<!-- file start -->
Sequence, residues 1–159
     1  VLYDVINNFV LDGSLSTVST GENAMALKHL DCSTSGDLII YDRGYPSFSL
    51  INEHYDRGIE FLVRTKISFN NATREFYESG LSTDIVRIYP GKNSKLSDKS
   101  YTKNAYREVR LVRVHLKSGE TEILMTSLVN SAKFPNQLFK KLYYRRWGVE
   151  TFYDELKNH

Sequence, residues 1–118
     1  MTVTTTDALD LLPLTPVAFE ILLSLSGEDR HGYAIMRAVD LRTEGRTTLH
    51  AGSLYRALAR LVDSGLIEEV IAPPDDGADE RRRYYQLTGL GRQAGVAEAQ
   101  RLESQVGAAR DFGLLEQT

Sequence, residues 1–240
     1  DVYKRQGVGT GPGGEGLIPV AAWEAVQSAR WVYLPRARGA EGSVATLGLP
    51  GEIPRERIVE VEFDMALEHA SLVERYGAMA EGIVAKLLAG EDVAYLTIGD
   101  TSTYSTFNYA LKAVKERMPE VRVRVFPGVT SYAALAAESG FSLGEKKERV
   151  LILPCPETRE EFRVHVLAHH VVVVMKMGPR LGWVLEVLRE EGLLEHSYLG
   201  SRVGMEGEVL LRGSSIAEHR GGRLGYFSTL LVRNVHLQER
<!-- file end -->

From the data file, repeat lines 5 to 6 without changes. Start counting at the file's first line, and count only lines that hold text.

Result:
   151  TFYDELKNH

Sequence, residues 1–118